Hepatic oval cells express the hematopoietic stem cell marker thy-1 in the rat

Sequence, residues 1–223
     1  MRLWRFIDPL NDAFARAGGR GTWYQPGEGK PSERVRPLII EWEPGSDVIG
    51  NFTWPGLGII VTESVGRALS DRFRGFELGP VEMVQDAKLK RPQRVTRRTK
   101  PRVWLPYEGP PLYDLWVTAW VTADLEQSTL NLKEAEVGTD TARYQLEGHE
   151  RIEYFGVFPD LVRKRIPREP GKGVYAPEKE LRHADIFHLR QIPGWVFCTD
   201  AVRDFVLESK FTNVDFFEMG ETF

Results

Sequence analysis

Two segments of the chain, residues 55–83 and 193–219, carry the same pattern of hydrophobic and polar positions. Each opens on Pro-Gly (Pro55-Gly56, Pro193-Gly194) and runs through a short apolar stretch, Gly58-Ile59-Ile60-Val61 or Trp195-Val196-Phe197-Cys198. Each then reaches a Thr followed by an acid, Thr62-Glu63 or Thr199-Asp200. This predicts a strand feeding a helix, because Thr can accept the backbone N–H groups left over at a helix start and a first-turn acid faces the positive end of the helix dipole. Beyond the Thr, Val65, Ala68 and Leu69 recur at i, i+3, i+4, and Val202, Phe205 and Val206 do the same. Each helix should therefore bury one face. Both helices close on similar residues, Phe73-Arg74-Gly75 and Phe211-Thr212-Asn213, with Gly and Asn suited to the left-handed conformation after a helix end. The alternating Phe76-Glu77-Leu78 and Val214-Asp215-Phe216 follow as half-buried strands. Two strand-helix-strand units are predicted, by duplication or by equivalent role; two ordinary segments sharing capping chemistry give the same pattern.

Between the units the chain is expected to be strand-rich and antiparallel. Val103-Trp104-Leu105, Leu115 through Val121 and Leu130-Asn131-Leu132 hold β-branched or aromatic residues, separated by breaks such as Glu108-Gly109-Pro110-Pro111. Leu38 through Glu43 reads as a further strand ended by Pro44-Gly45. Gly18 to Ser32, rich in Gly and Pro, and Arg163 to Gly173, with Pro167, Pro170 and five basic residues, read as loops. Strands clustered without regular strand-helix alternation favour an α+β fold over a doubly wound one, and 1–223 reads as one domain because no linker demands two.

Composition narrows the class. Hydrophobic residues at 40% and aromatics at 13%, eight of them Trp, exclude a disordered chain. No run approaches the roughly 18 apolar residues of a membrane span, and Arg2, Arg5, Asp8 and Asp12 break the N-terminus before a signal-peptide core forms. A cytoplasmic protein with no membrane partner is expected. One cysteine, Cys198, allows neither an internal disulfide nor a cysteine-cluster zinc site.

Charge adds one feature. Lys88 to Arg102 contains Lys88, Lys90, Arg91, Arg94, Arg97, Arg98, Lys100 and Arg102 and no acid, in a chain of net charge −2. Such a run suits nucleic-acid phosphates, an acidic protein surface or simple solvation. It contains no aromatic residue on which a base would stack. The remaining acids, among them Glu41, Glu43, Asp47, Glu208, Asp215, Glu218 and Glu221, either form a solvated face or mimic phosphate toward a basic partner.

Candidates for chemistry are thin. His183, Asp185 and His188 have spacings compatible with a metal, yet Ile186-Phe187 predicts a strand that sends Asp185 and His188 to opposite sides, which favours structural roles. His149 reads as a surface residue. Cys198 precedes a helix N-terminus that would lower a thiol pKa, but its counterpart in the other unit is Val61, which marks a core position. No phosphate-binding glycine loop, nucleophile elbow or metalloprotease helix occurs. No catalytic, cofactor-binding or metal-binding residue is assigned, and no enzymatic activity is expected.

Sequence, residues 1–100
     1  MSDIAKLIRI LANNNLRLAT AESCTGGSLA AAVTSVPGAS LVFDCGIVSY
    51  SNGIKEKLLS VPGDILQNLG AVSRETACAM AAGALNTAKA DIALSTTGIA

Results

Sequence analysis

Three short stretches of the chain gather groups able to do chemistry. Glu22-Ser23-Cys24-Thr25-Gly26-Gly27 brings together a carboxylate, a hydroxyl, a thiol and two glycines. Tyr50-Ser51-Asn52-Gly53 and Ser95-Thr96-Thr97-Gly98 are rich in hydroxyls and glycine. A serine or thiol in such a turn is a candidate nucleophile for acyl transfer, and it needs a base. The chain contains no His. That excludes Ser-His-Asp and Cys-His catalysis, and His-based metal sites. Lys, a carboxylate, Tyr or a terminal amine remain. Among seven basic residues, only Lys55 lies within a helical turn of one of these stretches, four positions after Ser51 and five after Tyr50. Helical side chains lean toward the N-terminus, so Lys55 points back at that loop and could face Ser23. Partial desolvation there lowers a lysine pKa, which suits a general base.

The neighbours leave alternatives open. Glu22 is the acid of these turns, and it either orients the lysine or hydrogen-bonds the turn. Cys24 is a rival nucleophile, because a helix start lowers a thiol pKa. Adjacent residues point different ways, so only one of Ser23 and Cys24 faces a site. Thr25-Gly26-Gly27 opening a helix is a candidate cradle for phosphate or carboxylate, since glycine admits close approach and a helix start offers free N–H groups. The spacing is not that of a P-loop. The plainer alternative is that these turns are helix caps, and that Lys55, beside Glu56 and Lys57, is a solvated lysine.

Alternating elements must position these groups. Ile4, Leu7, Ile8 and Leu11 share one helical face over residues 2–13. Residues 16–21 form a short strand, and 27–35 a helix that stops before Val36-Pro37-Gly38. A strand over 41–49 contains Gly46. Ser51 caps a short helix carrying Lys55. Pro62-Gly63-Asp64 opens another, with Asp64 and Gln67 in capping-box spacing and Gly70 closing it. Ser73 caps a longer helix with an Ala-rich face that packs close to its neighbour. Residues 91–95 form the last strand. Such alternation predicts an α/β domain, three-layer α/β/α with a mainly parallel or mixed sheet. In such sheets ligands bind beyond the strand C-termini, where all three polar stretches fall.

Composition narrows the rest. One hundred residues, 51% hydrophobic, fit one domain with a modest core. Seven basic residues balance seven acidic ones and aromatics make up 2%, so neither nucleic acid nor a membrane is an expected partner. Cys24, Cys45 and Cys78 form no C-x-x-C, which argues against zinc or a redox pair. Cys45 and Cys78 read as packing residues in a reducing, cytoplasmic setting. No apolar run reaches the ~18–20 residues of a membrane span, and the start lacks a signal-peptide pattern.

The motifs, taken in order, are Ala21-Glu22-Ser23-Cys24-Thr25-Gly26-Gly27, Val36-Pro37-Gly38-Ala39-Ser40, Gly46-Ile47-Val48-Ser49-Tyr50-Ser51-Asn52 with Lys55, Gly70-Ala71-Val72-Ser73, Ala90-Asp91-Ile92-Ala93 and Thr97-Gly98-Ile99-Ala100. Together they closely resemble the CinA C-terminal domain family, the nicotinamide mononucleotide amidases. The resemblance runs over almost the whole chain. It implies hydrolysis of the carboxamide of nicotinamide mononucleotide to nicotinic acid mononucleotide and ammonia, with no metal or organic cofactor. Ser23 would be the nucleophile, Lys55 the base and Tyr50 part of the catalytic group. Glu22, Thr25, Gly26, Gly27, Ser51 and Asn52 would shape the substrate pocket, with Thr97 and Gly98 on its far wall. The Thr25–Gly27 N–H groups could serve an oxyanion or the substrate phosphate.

Hepatic oval cells (HOC) are a small subpopulation of cells found in the liver when hepatocyte proliferation is inhibited and followed by some type of hepatic injury. HOC can be induced to proliferate using a 2-acetylaminofluorene (2-AAF)/hepatic injury (i.e., CCl4 , partial hepatectomy [PHx]) protocol. These cells are believed to be bipotential, i.e., able to differentiate into hepatocytes or bile ductular cells. In the past, isolation of highly enriched populations of these cells has been difficult. Thy-1 is a cell surface marker used in conjunction with CD34 and lineage-specific markers to identify hematopoietic stem cells. Thy-1 antigen is not normally expressed in adult liver, but is expressed in fetal liver, presumably on the hematopoietic cells. We report herein that HOC express high levels of Thy-1. Immunohistochemistry revealed that the cells expressing Thy-1 were indeed oval cells, because they also expressed α-fetoprotein (AFP), γ-glutamyl transpeptidase (GGT), cytokeratin 19 (CK-19), OC.2, and OV-6, all known markers for oval cell identification. In addition, the Thy-1+ cells were negative for desmin, a marker specific for Ito cells. Using Thy-1 antibody as a new marker for the identification of oval cells, a highly enriched population was obtained. Using flow cytometric methods, we isolated a 95% to 97% pure Thy-1+ oval cell population. Our results indicate that cell sorting using Thy-1 could be an attractive tool for future studies, which would facilitate both in vivo and in vitro studies of HOC.